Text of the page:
ISSN: 2149-2247 | E-ISSN: 2149-2549

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Erciyes Medical Journal Physical Examination Signs of Inspection and Medical Eponyms in Pericarditis Part I: 1761 to 1852 [Erciyes Med J]
Erciyes Med J. 2019; 41(2): 223-229 | DOI: 10.14744/etd.2019.44342

Physical Examination Signs of Inspection and Medical Eponyms in Pericarditis Part I: 1761 to 1852

Fan Ye1, Halil Tekiner2, Eileen Yale3, Joseph Mazza4, Steven Yale5
1Graduate Medical Education, University of Central Florida College of Medicine Orlando, FL, USA
2Department of the History of Pharmacy and Ethics, Erciyes University School of Pharmacy, Kayseri, Turkey
3Department of General Internal Medicine, University of Florida, Gainesville, Florida, USA
4Marshfield Clinic Research Institute, Marshfield, WI, USA
5Department of Internal Medicine, University of Central Florida College of Medicine, Orlando, FL, USA

The history of pericarditis involves the recognition of signs and symptoms detected using the physical examination skills such as inspection, palpation, percussion, and auscultation. Pericarditis is the term used to describe the spectrum of diseases that includes acute, subacute, and chronic forms. From 1761 to 1852, physicians were required to use their sense of sight, identifying abnormalities recognized as the signs of medical eponyms attributed to honor their findings. In this first part of a three-part series on pericarditis, the signs detected through inspection are described. Through inspection, physicians identified the bulging or retraction of the precordium and epigastrium in patients with pericardial effusion or adherent pericarditis. Many of these signs were detected, described, and reported in patients with advanced or chronic adherent pericarditis. It is unknown how useful these signs are in modern-day clinical practice.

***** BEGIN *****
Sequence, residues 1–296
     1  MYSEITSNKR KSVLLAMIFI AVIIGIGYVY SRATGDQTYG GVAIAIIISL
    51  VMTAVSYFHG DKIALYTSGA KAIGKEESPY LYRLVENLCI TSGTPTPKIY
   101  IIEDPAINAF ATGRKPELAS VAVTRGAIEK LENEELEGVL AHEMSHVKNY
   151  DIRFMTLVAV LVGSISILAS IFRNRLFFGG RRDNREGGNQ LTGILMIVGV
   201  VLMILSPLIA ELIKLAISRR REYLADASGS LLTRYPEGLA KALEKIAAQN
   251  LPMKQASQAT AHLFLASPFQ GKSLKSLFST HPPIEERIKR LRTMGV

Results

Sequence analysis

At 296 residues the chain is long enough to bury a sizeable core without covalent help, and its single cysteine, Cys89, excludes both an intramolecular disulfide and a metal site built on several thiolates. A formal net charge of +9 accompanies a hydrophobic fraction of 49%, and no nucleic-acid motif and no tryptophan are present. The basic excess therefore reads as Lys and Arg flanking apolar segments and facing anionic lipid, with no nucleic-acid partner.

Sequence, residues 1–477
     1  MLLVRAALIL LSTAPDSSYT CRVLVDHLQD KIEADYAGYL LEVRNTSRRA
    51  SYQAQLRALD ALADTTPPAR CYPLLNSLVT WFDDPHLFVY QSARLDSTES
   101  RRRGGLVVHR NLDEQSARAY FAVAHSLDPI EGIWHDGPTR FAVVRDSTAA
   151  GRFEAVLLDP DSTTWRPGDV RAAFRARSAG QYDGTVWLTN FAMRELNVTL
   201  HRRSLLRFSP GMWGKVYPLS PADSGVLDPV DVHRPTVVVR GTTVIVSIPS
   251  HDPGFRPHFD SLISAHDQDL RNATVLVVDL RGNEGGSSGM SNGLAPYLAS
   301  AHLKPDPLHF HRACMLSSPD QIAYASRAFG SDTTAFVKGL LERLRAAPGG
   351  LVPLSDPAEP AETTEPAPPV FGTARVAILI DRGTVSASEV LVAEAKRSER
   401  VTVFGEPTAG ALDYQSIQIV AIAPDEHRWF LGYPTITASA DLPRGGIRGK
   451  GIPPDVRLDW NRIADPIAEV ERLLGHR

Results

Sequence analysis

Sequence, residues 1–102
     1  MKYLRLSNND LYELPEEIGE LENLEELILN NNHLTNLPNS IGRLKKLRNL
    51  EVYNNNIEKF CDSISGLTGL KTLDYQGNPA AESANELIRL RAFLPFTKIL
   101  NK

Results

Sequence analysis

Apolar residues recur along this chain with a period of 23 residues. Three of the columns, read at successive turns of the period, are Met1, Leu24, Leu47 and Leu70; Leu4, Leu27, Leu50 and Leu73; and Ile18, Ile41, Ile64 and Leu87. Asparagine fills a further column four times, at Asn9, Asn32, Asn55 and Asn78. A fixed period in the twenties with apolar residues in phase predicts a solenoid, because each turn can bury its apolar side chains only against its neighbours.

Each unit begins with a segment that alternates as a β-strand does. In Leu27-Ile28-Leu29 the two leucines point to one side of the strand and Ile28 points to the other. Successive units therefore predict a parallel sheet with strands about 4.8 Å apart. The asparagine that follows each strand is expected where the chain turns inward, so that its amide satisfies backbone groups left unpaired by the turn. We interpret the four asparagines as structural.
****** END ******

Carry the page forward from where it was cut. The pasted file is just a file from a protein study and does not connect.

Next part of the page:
Keywords: Pericarditis, eponyms, physical examination, history of medicine

Fan Ye, Halil Tekiner, Eileen Yale, Joseph Mazza, Steven Yale. Physical Examination Signs of Inspection and Medical Eponyms in Pericarditis Part I: 1761 to 1852. Erciyes Med J. 2019; 41(2): 223-229

Corresponding Author: Steven Yale, United States
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